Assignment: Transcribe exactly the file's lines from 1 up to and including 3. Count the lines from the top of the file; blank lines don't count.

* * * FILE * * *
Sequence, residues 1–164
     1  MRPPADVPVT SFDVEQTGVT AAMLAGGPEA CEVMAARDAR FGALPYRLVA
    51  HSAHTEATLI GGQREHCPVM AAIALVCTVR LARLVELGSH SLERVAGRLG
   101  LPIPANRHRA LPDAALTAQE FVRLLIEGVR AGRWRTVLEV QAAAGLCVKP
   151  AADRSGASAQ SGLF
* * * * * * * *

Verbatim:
Sequence, residues 1–164
     1  MRPPADVPVT SFDVEQTGVT AAMLAGGPEA CEVMAARDAR FGALPYRLVA
    51  HSAHTEATLI GGQREHCPVM AAIALVCTVR LARLVELGSH SLERVAGRLG